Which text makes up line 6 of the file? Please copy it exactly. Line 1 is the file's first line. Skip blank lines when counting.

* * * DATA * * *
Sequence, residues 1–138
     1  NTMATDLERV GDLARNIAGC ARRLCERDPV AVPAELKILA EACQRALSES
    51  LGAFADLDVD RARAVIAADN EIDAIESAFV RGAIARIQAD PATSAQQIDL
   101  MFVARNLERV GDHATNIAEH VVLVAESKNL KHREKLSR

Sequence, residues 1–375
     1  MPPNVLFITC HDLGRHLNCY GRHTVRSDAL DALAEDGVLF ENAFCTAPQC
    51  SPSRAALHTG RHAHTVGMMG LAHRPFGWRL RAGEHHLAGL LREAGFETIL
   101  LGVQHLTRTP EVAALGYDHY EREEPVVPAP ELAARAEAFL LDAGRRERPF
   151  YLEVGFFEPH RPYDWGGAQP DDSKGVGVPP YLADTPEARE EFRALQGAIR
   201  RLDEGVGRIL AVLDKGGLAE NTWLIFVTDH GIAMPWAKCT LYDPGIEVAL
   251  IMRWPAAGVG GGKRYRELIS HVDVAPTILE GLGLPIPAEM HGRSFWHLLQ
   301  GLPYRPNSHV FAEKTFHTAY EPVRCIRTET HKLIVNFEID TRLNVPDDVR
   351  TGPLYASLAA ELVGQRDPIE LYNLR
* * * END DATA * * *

     1  MPPNVLFITC HDLGRHLNCY GRHTVRSDAL DALAEDGVLF ENAFCTAPQC